Intent: Definition, Example and Related Terms
Intent is a term often used in law and business to describe what a person or company wants to do or achieve with their actions. It's like the goal or plan behind what someone does. In the world of commercial contracts, intent is very important because it can determine how the contract is interpreted and enforced. For example, if two businesses sign a contract to work together on a project, the intent might be for them to share the profits equally. But if one business does all the work and the other does nothing, the intent of the contract might be interpreted differently by a court. Intent can be expressed directly in the contract, like when it says 'Company A and Company B intend to share the profits equally'. But it can also be implied from the circumstances around the contract, like if the businesses have a history of sharing profits equally. It's the job of a contracts manager to understand the intent of a contract and make sure it's carried out in a way that's fair for everyone involved. This can involve negotiating the terms of the contract, monitoring its execution, and resolving any disputes that arise.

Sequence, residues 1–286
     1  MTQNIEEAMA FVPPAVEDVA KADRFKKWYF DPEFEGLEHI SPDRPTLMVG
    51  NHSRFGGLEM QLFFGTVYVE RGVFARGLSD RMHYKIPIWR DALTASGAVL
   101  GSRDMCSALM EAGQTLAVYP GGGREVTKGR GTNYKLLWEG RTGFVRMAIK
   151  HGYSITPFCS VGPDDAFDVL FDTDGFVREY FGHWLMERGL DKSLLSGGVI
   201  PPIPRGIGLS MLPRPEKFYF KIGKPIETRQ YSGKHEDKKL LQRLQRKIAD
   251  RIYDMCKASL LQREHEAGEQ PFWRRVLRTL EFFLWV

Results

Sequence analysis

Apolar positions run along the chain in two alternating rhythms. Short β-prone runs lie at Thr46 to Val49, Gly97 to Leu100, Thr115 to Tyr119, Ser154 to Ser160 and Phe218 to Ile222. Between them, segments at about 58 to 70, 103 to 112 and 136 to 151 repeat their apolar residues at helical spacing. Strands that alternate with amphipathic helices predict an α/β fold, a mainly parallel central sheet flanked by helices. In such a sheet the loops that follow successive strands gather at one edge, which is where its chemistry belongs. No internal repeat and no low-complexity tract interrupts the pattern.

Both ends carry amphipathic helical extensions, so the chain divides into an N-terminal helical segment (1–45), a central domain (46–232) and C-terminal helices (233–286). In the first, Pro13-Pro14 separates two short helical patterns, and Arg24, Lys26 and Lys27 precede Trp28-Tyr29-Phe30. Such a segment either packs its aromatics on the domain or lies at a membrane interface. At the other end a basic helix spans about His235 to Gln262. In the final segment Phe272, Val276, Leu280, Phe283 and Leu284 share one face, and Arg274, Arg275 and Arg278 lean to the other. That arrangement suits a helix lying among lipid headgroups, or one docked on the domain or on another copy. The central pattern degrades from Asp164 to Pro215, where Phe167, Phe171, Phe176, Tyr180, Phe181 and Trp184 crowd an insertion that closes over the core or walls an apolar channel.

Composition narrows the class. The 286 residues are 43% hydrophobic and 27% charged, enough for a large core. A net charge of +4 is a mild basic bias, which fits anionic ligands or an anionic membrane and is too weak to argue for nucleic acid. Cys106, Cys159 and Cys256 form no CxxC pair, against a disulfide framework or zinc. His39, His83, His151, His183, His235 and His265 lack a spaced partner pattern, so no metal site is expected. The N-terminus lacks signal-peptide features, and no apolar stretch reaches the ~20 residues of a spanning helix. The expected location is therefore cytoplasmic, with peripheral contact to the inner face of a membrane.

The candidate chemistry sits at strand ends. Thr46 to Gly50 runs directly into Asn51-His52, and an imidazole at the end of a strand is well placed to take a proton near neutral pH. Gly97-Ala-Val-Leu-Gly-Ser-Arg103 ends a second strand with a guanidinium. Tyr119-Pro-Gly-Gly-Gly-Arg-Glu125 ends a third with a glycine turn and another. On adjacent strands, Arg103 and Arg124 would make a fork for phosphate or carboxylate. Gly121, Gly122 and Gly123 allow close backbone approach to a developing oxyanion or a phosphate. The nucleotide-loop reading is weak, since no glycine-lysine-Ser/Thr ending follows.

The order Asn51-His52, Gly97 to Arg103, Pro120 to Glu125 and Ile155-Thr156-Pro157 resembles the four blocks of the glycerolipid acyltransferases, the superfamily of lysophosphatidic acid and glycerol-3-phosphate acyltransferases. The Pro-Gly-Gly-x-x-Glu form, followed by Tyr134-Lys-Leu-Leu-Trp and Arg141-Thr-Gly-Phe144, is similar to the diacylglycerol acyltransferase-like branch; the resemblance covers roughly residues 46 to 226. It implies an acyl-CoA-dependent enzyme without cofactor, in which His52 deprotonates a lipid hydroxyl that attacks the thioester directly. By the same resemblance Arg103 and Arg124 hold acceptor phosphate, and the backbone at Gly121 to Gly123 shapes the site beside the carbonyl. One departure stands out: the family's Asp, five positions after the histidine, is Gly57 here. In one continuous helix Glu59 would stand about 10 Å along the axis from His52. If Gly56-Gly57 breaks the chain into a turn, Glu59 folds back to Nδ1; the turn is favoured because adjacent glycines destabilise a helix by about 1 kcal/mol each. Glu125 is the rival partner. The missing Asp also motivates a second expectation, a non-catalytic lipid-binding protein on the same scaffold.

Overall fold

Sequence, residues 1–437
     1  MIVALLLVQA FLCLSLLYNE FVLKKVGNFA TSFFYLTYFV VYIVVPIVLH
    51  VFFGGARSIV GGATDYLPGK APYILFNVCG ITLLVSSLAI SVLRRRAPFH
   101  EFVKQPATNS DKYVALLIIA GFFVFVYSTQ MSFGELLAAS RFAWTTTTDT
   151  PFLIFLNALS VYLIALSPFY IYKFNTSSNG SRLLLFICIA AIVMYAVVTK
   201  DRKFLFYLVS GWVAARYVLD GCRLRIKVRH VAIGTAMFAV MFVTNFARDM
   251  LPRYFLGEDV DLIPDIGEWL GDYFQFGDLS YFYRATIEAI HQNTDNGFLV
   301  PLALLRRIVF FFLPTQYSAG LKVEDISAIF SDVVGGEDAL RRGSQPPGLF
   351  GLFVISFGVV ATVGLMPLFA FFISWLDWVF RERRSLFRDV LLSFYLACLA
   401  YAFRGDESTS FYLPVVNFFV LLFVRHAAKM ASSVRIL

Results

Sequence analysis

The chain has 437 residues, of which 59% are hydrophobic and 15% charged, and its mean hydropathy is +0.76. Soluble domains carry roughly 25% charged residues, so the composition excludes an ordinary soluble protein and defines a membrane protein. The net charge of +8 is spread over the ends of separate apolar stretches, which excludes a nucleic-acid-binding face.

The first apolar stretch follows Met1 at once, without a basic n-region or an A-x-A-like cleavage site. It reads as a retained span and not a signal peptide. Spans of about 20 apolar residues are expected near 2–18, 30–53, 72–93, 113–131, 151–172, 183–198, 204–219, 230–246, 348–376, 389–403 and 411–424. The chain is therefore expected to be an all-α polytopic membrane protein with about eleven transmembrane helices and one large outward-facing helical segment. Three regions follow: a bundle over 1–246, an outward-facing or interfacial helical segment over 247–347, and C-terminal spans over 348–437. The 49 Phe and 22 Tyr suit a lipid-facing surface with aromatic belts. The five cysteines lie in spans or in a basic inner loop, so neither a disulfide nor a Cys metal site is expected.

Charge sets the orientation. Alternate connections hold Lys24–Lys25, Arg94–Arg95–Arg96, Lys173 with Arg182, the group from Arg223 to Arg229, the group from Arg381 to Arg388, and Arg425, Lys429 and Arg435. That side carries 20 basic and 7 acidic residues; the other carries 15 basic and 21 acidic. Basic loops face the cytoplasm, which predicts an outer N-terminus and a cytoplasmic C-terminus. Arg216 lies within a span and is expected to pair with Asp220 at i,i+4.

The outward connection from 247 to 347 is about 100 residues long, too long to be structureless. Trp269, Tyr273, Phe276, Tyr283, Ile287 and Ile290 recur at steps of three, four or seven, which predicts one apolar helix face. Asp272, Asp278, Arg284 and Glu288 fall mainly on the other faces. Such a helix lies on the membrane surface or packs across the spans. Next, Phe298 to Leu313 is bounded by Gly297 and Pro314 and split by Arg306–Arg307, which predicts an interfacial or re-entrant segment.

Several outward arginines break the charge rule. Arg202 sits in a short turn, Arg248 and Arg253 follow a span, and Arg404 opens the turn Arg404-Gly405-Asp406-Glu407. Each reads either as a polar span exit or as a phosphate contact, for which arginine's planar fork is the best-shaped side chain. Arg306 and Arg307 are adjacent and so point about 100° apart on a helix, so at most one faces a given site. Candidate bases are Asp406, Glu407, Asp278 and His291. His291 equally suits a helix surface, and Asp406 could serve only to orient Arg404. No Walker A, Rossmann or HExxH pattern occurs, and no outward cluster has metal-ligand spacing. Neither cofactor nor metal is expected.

Scenario Description Company A and Company B enter into a contract to develop a new software together. The contract states that they intend to share the profits equally. In this case, the intent of the contract is for both companies to work together on the project and to share the profits equally. If one company ends up doing all the work and the other does nothing, a court might interpret the intent differently. It might decide that the intent was for the profits to be shared based on the amount of work each company did, not equally. This could lead to a dispute between the companies, which could be resolved by a contracts manager. A business hires a marketing agency to increase its sales. The contract states that the agency will be paid a percentage of the increased sales. The intent of this contract is for the marketing agency to increase the business's sales and to be paid based on the results. If the agency does a lot of work but the sales don't increase, the intent of the contract could be interpreted differently. The business might argue that the intent was for the agency to be paid only if the sales increased, while the agency might argue that it should be paid for its work regardless of the results. A contracts manager could help resolve this dispute by interpreting the intent of the contract.